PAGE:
The Couple Who Became Each Other
I've had this book for years and re-discovered it when I dug out those other Irvin Yalom books. I felt quite conflicted reading it. In some ways, these stories mirrored Yalom's psychological case studies; Calof's clients present with similar problems -- troubled adolescents, people repressing childhood abuse, or struggling with a difficult marriage.
But it seems to me there is a crucial difference in approach. While Yalom and his fellow psychotherapists build their therapy around helping their patients to become conscious of their inner conflicts and suppressed memories, so they can knowingly accept and overcome them, Calof relies on the unconscious of his patients to do the work without them necessarily knowing anything about it. In trance, he will summon some inner aspect of the patient, speak with them, and charge them with working on the problem, then wake the patient up and send them on their way, sometimes completely oblivious of what is going on inside. And it seems he gets results -- sometimes spectacular ones. But I can't help feeling uneasy about this knowledge remaining within, still unconscious, still hidden.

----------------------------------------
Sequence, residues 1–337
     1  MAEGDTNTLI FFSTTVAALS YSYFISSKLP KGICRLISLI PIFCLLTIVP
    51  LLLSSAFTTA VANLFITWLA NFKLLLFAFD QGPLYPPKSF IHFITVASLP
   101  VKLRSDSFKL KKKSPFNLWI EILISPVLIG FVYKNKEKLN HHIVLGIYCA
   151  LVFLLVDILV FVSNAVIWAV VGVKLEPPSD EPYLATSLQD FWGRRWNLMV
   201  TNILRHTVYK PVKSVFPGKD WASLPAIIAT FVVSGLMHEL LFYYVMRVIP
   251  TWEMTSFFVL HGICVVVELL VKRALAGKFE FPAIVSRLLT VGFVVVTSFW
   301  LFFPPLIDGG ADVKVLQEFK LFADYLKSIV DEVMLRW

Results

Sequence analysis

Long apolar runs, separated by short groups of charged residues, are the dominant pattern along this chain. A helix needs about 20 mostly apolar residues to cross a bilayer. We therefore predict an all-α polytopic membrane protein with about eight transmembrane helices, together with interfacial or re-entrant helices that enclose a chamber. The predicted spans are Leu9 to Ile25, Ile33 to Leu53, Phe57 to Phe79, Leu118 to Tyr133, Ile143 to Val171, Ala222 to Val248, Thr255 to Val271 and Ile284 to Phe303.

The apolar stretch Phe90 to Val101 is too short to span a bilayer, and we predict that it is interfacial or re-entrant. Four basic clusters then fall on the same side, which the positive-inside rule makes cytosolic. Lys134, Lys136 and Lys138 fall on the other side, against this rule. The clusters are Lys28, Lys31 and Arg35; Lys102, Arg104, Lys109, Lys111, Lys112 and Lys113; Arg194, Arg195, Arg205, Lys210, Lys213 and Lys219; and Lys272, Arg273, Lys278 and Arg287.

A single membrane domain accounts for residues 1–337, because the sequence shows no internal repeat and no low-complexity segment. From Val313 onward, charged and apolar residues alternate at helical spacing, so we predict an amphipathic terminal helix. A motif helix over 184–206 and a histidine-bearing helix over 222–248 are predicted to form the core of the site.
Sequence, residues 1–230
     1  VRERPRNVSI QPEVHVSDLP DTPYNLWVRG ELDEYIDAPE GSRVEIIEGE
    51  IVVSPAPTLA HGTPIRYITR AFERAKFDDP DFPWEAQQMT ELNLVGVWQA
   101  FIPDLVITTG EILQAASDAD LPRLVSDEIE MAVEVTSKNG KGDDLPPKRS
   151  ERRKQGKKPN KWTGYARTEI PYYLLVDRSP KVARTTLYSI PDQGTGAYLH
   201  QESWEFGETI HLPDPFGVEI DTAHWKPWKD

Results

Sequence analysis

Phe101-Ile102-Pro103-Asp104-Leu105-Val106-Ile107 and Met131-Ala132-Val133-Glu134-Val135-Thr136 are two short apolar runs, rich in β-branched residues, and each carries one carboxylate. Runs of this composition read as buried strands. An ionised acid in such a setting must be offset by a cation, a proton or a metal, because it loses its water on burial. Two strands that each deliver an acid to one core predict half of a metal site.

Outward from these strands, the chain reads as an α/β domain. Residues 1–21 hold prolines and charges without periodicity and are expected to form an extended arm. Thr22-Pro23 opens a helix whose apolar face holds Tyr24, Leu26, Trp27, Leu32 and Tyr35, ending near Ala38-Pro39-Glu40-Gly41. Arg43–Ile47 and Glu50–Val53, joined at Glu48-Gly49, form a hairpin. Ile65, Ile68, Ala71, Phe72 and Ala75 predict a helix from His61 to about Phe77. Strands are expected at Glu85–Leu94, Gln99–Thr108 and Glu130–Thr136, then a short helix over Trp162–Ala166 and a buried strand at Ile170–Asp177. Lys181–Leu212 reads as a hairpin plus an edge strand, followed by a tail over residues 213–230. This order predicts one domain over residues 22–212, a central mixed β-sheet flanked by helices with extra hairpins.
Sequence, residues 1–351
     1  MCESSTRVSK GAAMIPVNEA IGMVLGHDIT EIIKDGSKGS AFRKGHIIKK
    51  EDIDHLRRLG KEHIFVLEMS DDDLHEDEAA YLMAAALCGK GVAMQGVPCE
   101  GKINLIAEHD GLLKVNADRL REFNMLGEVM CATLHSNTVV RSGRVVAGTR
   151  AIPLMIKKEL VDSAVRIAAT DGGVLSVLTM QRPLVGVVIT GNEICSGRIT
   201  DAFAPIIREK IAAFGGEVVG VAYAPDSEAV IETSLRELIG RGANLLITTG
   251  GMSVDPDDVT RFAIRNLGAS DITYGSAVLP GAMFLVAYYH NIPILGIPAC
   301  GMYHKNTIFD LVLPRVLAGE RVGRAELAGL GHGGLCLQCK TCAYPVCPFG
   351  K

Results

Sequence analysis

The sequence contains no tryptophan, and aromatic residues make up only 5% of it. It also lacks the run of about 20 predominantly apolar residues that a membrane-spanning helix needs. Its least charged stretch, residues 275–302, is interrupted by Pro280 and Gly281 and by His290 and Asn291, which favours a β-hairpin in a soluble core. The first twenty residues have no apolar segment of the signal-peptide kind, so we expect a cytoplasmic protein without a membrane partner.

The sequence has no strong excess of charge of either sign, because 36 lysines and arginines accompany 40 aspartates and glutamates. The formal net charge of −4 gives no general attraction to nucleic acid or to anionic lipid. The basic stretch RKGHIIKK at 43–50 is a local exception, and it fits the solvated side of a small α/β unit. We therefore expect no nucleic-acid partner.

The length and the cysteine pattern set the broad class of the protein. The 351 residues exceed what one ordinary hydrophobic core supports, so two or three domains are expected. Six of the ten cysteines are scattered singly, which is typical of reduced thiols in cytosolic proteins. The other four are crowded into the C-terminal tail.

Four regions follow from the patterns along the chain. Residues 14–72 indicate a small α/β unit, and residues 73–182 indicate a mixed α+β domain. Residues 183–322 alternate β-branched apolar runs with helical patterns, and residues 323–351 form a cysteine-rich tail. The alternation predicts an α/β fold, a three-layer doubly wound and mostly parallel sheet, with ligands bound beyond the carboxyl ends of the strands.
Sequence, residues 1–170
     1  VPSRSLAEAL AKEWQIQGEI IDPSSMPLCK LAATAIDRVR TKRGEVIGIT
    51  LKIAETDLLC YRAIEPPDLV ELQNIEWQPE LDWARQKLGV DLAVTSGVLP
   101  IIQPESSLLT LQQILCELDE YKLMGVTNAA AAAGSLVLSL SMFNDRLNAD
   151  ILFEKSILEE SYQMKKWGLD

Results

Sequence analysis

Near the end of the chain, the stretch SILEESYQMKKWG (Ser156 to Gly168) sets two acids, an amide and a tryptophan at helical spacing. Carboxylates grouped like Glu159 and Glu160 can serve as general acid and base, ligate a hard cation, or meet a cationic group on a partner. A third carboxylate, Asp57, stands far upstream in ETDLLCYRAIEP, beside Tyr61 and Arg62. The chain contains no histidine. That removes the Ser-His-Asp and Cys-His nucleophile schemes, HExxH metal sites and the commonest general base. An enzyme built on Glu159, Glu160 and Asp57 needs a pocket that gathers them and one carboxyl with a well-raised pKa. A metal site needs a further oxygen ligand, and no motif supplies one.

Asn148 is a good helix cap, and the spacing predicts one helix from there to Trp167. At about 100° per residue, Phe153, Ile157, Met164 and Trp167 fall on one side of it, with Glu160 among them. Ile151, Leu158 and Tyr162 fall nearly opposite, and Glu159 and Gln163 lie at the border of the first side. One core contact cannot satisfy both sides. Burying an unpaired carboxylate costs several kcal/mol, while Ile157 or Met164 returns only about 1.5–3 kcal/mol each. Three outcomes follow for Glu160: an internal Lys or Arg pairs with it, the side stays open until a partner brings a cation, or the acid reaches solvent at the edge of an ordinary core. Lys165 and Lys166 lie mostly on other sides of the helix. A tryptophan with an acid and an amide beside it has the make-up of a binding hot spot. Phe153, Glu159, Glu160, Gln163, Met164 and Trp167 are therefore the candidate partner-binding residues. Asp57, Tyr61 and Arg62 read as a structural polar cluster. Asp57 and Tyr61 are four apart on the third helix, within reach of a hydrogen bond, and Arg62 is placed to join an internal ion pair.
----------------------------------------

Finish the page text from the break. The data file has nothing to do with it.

It's almost the opposite of the aims of psychotherapy. And a lot of Calof's technique relies on inducing a sense of mystery, a sense that something unusual is about to happen, and the patient distancing themselves from the process, rather than bringing together and integrating warring aspects of the patient's psyche.
Still, anyone who can help a patient endure a five hour facial operation without anaesthetic has earned my admiration.